In order to protect against gas attacks, both adults and children were issued with
gas-masks in little square boxes. Kathleen's was in the shape of Mickey Mouse and
John's was in the shape of Donald Duck. Not that it made the wearing of them any
better. Kathleen hated gas-mask drill at school. The confining rubbery smell over
her face and nose made her feel sick. When playtime came, she couldn't face her dripping
sandwiches, so she changed over with her friend June and had bread and jam instead.
As time passed, the air-raids became more frequent and the evacuation of children
began. This was a frightening time for all children, but most of all for Kathleen.
Three years before, she had been sent away to St Leonard's-on-sea to a convent as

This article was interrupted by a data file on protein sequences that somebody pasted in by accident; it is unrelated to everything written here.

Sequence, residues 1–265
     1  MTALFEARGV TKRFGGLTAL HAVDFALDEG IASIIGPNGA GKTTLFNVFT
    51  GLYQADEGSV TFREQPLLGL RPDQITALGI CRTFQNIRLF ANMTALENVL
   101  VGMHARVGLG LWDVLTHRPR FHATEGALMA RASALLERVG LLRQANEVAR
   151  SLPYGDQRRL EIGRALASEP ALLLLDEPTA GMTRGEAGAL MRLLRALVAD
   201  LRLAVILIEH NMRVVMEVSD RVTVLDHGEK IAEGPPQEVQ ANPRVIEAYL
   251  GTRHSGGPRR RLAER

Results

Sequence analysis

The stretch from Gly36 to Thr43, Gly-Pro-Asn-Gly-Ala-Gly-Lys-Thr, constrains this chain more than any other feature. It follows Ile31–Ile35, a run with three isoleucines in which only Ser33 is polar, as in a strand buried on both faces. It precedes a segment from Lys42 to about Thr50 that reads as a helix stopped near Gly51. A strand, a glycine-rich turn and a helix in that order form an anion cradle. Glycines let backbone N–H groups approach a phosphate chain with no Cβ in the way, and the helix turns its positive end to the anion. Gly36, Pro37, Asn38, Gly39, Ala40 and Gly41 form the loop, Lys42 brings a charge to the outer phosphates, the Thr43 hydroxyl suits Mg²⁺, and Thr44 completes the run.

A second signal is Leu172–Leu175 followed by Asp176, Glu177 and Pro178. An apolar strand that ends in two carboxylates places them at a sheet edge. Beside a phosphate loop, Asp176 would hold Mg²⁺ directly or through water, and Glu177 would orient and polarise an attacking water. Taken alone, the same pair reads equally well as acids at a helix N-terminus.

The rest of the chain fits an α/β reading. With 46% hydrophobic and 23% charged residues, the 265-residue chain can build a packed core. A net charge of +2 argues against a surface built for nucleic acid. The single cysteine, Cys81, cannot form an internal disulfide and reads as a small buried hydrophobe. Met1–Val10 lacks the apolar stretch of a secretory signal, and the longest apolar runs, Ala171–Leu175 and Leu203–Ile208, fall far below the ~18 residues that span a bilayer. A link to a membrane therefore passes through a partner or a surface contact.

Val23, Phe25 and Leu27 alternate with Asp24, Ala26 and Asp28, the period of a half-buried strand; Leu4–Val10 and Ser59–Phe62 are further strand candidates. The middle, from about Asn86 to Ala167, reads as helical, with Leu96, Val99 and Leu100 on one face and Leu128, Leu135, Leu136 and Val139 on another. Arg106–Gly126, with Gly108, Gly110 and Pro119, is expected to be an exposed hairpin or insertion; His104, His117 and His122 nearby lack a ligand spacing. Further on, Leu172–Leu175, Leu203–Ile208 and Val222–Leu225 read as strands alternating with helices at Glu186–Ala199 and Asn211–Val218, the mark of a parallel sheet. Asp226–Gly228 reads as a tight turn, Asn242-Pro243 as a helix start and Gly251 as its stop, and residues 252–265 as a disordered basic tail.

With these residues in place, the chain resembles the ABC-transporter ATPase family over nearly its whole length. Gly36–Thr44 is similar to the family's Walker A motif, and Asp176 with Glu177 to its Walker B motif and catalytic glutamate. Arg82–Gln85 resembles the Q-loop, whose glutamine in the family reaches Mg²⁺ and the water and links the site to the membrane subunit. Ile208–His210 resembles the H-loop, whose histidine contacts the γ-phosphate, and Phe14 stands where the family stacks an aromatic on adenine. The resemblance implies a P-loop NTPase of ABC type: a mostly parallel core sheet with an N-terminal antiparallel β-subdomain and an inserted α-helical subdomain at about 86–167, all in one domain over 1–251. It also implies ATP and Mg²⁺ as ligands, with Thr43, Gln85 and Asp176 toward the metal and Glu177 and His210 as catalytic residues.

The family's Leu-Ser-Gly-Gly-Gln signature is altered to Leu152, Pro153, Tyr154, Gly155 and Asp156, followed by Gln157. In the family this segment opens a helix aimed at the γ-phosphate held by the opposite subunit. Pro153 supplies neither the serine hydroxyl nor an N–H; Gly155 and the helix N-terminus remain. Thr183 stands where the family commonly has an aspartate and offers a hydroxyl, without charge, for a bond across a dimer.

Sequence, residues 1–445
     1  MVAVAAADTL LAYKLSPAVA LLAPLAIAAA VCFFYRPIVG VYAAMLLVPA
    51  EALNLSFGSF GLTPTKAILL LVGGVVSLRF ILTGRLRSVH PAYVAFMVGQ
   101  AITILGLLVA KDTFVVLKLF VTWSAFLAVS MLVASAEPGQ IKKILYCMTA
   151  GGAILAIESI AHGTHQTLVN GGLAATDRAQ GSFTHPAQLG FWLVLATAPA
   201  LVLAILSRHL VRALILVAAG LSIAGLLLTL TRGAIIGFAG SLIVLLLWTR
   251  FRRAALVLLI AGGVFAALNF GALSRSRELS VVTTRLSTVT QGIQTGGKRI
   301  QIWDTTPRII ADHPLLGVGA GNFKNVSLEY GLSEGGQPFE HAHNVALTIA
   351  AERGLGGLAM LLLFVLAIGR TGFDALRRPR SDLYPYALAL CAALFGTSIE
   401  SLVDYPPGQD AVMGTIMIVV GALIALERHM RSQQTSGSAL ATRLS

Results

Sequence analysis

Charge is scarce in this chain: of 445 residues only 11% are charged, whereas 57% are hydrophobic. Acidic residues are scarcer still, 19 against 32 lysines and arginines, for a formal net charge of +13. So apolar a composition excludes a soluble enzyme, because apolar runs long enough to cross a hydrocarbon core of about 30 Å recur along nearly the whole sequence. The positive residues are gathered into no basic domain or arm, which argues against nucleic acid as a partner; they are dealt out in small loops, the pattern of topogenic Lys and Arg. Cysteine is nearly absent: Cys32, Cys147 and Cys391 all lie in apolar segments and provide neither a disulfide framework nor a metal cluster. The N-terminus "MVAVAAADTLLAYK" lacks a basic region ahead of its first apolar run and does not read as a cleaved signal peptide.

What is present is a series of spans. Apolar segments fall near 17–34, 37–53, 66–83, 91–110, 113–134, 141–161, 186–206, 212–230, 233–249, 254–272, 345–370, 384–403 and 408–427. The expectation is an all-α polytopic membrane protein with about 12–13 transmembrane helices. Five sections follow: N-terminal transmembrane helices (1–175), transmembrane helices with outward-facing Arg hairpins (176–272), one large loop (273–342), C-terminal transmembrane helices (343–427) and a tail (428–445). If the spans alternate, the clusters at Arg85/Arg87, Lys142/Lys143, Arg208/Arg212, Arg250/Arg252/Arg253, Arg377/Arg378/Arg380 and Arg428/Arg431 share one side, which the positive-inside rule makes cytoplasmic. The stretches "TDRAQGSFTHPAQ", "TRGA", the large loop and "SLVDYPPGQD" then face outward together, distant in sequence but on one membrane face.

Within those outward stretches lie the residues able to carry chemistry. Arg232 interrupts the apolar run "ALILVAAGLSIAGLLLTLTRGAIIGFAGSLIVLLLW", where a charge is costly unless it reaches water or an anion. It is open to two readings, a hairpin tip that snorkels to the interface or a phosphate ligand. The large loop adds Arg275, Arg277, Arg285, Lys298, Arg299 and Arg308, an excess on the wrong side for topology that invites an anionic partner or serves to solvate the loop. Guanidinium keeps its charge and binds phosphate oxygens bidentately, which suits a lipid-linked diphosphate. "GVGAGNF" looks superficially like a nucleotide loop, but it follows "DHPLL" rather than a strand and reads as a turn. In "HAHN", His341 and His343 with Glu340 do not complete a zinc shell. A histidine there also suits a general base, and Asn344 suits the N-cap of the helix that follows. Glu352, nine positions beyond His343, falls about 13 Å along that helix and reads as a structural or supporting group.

she suffered from asthma and it was felt that the sea air would do her good. This
meant that she was to be parted from her family for some months. This was a traumatic
experience for a nine year old girl, and now she dreaded the thought of being separated
from her parents so much, that it was agreed that her mother should accompany her
and John. Lily managed to find employment with a farmer in St Austell, Cornwall,
and it was with great sadness that she and the children said goodbye to Phillip and
boarded the steam train at Paddington.
There were to be some memorable times for Kathleen and John. Kathleen remembers boarding
a bus and going to the fishing town of Mevagissey. A woman got onto the bus with
a crab, the size of a dinner-plate in her bag. She put the bag on the floor, and
while she was paying for her fare, the crab got out and ran down the aisle of the
bus. Kathleen, who hated anything crawly, was scared stiff, and stood up on the seat
so that it wouldn't get her.